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Five Year-Old Son’s Story
from SH

I'm the mom of a 5 year-old son with psoriasis. We took him to the derm in April and was told he had psoriasis. We received medications and brochures. We have tried several different medications and COMBINATIONS of medications. He's having a flare  currently.

I found your website on New Year's Eve, when I was feverishly searching for DOCUMENTATION to send to the Y so my son could swim. Needless to say the derm's office was closed so I couldn't get a note faxed from the doctor's office. The Aquatic Director left me a voicemail saying she was concerned about my son swimming and some of the staff had concerns about him being in the pool. This was quite frustrating since I thought I had resolved the situation on Wednesday (after he was not allowed to swim on Tuesday). On that Tuesday before New Year's Eve, the lifeguard thought he had chicken pox and mosquito bites. My son proceeded to tell them it was psoriasis but I guess they thought "what does a 5 year old know?" Here I was in my office on New Year's Eve trying to explain that he is not contagious and they are not open wounds. I am crying mid-sentence.

And at school . . . boy, can kids be mean. There's one little hellion in my son's kindergarten class who has made fun of him a few times. My son was sitting in the bathroom after his bath and looking at his skin. He said, "I wish this psoriasis would just go away; I just wish I could die," and began to cry. I began to cry. I didn't dare let him see me, but it was the most pain I've felt as a parent.

Neither my husband nor I have P. So far my daughter doesn't either (she's 4) and I just keep holding my breath hoping she doesn't get it. This isn't anything you can put a band aid on or a boo-boo you can make feel better.

Putting medicine on MANY MANY places all over his body and his scalp, and 2 times per day EVERY day I might add, is SO frustrating for him. I had to talk to his teacher to request that he not be sent to the bathroom with other children because children were asking him "What's that on your skin?" over and over again. His teachers at school have been great about accommodating that request.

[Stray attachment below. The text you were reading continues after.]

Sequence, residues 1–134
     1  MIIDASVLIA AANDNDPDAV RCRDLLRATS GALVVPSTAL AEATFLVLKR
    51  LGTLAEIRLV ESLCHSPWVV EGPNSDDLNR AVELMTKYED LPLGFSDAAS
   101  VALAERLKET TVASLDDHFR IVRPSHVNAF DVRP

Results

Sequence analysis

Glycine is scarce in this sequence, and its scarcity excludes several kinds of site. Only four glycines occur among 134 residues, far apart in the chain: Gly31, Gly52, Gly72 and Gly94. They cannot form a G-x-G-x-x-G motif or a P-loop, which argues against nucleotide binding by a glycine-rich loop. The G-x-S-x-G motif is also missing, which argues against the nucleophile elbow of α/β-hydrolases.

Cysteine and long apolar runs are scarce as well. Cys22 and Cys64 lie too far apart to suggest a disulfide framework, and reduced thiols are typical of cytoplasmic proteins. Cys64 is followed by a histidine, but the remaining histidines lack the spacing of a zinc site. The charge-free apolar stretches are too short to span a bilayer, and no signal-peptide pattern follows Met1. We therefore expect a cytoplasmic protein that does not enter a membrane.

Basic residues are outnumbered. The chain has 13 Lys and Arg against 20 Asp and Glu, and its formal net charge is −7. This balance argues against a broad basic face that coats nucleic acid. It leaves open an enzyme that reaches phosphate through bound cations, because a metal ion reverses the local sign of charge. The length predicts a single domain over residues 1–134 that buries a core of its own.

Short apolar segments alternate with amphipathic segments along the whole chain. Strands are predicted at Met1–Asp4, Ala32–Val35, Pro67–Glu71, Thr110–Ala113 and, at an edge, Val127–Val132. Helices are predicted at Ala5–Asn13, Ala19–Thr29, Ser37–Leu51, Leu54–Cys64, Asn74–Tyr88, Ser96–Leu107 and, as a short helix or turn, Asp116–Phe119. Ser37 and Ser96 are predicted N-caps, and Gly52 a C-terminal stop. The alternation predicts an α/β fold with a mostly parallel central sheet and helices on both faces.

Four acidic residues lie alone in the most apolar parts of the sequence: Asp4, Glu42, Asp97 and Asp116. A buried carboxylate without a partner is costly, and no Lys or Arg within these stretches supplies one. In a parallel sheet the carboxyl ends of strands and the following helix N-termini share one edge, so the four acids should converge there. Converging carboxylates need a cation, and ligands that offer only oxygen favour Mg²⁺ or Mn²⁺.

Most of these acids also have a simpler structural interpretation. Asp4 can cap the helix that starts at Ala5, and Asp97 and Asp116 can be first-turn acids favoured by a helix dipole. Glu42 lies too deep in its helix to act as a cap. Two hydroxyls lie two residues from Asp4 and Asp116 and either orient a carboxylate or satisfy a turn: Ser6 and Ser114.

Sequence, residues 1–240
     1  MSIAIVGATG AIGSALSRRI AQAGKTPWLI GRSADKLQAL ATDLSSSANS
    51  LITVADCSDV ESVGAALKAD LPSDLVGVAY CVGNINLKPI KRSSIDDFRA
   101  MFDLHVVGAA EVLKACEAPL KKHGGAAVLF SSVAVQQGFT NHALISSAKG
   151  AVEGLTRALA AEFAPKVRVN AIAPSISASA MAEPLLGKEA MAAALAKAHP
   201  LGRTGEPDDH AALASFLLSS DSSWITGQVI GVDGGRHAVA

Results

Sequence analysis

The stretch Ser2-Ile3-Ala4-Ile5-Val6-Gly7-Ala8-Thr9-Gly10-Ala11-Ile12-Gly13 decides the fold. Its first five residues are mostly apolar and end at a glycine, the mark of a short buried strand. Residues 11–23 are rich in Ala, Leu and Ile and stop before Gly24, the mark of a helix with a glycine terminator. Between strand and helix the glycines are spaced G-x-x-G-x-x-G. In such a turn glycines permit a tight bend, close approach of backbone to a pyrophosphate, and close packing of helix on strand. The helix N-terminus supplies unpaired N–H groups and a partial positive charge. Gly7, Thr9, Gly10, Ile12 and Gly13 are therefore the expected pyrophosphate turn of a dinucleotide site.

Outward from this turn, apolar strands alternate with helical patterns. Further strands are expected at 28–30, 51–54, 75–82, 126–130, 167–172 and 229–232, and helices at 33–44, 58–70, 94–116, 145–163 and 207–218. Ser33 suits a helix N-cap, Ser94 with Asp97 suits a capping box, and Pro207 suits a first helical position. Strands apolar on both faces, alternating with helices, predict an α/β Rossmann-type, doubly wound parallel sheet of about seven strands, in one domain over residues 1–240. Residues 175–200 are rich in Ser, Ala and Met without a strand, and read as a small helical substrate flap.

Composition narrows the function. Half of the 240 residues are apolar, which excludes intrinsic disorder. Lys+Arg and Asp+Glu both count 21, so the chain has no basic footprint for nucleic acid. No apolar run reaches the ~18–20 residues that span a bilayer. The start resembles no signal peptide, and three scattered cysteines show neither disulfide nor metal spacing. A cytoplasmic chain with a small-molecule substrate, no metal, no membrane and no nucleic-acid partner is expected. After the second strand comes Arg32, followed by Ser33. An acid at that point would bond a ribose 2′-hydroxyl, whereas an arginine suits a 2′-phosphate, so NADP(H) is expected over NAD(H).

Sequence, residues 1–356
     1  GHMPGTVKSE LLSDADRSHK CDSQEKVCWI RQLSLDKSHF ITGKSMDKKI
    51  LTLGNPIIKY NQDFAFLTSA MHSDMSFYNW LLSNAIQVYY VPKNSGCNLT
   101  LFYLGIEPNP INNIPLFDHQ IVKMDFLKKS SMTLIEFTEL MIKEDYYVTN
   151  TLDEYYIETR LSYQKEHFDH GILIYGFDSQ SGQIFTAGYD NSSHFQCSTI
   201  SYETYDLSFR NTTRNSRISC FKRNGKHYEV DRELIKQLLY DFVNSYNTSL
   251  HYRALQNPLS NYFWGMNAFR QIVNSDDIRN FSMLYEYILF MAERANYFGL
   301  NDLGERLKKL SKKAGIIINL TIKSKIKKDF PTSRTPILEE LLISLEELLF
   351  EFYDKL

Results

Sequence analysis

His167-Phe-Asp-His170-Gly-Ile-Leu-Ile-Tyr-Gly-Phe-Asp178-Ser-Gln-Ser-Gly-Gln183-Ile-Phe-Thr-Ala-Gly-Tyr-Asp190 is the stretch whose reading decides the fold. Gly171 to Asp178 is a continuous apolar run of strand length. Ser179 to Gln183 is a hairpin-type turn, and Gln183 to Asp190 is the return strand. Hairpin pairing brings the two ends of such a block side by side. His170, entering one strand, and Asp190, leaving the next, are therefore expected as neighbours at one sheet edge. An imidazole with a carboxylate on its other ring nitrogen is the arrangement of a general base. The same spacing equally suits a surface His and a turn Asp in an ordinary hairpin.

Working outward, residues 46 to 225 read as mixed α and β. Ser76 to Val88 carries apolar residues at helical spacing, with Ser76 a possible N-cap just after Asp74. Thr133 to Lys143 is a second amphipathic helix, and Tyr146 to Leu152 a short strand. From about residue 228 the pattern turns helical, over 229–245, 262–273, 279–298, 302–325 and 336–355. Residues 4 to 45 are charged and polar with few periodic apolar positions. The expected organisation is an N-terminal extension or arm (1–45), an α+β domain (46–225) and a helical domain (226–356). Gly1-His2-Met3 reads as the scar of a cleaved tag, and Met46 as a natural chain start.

Today we went to his basketball game and I was saddened as I watched him scratch and scratch. And I'm sure other parents noticed and I can only imagine what they were thinking: My kid is playing with a kid who has lice!

As I mentioned before, my son is currently having a flare. The derm referred us for light therapy. We started the light therapy this week. We are also putting coal tar ointment on and he is sleeping with it on. We are taking him to light therapy daily and that is a real time commitment given the fact that I have a full-time professional job and so does my husband. Thank God for understanding, flexible bosses. The light therapy, after only 4 days, seems to be working. But so did the other medications initially. We hope we continue to see progress with the light therapy. We are in the process of getting one for home approved by the health insurance.

I apologize for rambling but I guess I'm typing this e-mail as a means of release for myself. I know we have a long, never ending road ahead of us with his P and the increase in taunting and teasing scares me. My son has a big heart and sometimes wears his feelings on his shoulders. Thanks for your website. As a parent of a child with P it has been helpful. I''ve especially enjoyed reading some of the archives. -SH

*****

Ed’s Response: I’m very glad we were here for you, SH, and only wish there were more concrete things we could say about parenting a P-kid. I imagine, since you found us around New Years, that you read Dedo’s story. I haven’t heard back from her about how the light treatments are faring for her 6 year-old daughter, but she did say she was going to move, so she may be off-line for now.

What you are going through is never easy. Even Dedo, who lived with her own P as a child, has struggled. I guess the trick is to help the child accept his condition, to regard it as it should be regarded, and not as others regard it.

I have high hopes for the National Psoriasis Foundation’s new initiative for P-kids. They haven’t provided many details and I’m sure things are still being planned. I sincerely encourage you to join NPF on behalf of your son. While the web site is always there and an invaluable resource, it pays many times over to be on their mailing list as a member. Annual dues are whatever you can contribute.

Until you join NPF and receive some of their brochures, you might want to download and print out some copies of this file at their web site: Faxing this to the unknowing who may be trying to keep your boy out of swimming pools and other environments might help.

And of course, please stay in touch with us! Good luck. -Ed

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